15th Jan 2019
Ray Earwicker, Destress Project
Jessica Allen, Institute of Health Equity
Vanessa Pinfold, McPin Foundation
Vanessa will draw upon experiences of staff working at the McPin Foundation and relevant research projects to describe our reflections on community mental health and wellbeing. Our recent research includes studies on stigma and discrimination, life stories of people with psychosis, loneliness and mental health, wellbeing networks and peer support.
Felicity Thomas, DeSTRESS Project Director
University of Exeter
Katrina Wyatt, Lorraine Hansford, Rose McCabe, University of Exeter
Hilary Richardson & Jenna Finch, DeSTRESS Advisory Board
Felicity Thomas & Rose McCabe, University of Exeter
Helping Hands Group, Teignmouth
DeStress is a 2.5 year project concerned with understanding the impact of austerity and welfare reforms on mental wellbeing in low income communities. Particular focus has been placed on understanding how antidepressants and talking therapies are being used and what this means for the mental wellbeing of low income patients. The project also examines the challenges facing GPs working with low income patients, and has identified what good practice in supporting patients experiencing poverty-related distress may look like. This session provides an overview of DeStress and our core project findings.
Lynne Friedli, Centre for Welfare Reform
This paper reflects on a growing body of evidence on the damaging mental health impact of key aspects of welfare reform, including the impact of benefit cuts, workfare, sanctions, greater conditionality and the heightened sense of stigma attached to claiming benefits, notably for disabled people. Drawing on personal testimony from claimants, I will also look at the rise of psychological conditionality and the impact of psychological explanations – and prescriptions – for unemployment. Finally, I’ll consider what we can learn from the resistance: the mental health, disability rights and grass roots trade union activists who came together in solidarity to expose the mental health consequences of austerity.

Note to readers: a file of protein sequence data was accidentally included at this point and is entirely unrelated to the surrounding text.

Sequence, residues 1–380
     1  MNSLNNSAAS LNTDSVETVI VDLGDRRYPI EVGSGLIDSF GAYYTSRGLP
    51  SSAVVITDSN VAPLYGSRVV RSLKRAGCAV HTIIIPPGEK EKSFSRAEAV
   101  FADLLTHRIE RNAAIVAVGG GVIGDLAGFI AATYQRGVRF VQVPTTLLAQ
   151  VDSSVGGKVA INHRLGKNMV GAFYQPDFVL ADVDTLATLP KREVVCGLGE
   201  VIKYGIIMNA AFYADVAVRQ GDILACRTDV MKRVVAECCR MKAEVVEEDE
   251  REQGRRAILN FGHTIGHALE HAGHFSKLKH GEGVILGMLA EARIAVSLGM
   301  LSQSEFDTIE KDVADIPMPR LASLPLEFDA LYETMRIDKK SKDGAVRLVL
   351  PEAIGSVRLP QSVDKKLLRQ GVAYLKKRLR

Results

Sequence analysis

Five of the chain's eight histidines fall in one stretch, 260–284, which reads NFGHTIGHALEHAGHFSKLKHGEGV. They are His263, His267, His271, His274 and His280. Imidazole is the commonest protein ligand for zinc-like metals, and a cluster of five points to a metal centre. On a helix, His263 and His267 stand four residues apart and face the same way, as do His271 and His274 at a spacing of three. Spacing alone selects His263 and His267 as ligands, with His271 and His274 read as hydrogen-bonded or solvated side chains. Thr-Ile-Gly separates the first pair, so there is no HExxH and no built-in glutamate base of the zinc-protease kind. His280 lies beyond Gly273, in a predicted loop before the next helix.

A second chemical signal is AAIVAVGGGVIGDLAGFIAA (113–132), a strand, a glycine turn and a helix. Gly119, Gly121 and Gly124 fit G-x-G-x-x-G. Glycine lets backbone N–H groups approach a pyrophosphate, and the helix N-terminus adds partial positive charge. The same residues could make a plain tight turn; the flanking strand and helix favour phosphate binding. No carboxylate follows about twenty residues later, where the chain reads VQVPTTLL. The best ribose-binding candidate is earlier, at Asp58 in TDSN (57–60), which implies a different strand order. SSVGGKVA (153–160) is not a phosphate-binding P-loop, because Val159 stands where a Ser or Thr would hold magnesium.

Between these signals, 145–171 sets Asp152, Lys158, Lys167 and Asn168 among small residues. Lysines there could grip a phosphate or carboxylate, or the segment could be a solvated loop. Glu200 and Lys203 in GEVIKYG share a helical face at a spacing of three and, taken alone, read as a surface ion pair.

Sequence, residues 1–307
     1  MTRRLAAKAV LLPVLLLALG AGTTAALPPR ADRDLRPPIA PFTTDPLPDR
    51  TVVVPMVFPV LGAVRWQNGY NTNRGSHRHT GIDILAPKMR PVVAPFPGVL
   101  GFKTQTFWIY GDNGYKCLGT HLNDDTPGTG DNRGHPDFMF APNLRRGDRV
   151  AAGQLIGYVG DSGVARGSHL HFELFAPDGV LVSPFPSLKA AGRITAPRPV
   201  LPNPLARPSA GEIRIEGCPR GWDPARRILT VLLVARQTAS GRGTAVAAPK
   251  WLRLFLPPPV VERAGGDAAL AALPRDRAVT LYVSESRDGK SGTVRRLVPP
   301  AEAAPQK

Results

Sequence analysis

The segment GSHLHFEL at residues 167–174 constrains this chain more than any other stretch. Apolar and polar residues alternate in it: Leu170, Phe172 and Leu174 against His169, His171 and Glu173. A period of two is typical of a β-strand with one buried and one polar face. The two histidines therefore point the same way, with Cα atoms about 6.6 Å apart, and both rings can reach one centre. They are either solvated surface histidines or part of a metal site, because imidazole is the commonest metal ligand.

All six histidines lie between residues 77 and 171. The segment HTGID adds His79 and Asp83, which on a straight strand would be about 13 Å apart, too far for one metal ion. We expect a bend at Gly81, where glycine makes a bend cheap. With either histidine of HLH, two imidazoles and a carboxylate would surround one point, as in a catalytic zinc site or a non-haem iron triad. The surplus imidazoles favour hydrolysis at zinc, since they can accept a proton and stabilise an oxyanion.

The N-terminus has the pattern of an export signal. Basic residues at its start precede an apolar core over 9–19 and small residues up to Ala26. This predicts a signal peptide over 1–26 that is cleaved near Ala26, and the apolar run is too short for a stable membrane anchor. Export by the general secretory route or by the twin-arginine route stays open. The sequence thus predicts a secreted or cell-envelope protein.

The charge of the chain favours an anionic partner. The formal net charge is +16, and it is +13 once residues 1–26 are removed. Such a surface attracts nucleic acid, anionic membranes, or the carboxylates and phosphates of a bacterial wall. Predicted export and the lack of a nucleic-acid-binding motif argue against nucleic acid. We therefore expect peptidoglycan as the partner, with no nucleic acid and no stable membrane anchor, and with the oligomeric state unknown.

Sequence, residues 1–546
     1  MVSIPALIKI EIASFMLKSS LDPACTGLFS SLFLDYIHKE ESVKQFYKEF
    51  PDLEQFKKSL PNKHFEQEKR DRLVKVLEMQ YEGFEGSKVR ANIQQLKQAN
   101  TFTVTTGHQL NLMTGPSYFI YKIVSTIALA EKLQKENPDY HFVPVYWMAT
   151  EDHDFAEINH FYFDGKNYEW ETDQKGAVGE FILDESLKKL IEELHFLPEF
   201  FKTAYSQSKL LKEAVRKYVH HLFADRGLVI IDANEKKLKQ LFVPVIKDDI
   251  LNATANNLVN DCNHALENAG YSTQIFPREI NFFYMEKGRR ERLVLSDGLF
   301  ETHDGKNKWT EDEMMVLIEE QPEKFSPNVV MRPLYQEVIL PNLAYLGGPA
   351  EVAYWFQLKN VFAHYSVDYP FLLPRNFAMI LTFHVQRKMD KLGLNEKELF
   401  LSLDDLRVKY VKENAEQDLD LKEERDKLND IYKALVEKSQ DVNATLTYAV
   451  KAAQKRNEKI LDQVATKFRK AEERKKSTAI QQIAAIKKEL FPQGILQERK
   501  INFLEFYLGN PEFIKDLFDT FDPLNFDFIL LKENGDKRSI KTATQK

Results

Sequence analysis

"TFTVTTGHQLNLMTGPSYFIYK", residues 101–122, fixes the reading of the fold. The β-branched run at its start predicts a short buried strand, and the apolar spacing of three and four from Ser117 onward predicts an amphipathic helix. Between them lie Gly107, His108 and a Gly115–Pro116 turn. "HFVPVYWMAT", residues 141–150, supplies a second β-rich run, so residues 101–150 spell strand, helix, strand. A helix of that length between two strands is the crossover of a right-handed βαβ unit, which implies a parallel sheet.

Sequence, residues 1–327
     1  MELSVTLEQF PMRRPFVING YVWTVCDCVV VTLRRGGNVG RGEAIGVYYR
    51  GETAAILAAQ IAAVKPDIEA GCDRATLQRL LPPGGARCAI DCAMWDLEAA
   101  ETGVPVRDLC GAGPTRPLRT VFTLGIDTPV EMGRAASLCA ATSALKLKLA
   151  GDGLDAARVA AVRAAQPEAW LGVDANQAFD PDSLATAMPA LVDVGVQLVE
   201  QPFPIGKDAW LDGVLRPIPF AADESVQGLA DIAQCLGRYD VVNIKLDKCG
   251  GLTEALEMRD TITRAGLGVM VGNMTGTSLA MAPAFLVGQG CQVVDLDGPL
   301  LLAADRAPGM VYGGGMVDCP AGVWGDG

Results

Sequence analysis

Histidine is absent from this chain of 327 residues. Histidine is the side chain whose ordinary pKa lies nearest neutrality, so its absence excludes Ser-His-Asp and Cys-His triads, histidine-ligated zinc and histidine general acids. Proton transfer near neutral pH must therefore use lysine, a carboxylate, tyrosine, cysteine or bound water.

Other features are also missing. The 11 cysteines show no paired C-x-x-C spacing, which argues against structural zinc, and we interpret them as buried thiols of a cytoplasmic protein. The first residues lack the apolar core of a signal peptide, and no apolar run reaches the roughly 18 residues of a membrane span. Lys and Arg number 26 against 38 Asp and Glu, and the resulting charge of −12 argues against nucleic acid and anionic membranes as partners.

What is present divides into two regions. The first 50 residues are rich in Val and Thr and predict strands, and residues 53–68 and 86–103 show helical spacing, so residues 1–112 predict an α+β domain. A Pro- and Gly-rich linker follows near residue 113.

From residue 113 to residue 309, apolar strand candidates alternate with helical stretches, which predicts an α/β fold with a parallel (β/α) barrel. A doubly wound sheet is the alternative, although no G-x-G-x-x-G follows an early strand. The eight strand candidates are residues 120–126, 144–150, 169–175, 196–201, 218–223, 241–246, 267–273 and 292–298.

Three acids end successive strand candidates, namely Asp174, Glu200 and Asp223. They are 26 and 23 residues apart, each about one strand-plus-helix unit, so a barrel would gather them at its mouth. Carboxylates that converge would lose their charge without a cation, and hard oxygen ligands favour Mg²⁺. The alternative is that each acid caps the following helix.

Pearl Mok, The University of Manchester
Childhood poverty is associated with elevated risks for self-harm, but how risks are modified by parental socioeconomic mobility remains unclear. We investigated parental income trajectories during childhood and subsequent risks of self-harm.
Using Danish national registers, we constructed a nested case-control study of all first registered episodes of self-harm (N=21,267) at ages 15-33. Each case was matched to 25 controls on sex and age using incidence density sampling. Parental income was assessed in the birth-year, and at ages 5, 10 and 15. Incidence rate ratios (IRRs) were estimated using conditional logistic regression.
Results: Childhood family income is strongly linked with later risk of self-harm, with individuals growing up in the lowest income families having disproportionately elevated risks. The longer a child lived in poorer circumstances the higher their subsequent risks, and vice versa for time spent living in affluent conditions. Tackling the underlying causes of family poverty and income inequality, and associated psychosocial and sociocultural challenges to enable upward socioeconomic mobility, could potentially ameliorate risks for self-harm in young adults.
Laurie Anne Campbell & John McKendrick, Glasgow Caledonian University
The association between lone parenthood and poverty is long-standing and widely understood. However, there is no universal agreement over what should follow from this knowledge, with responses varying dramatically between those who perceive lone parents per se to be root of the problem, and those who rail against the poverty that is experienced by them. There is also much less certainty over the wider implications for lone parents of living with poverty.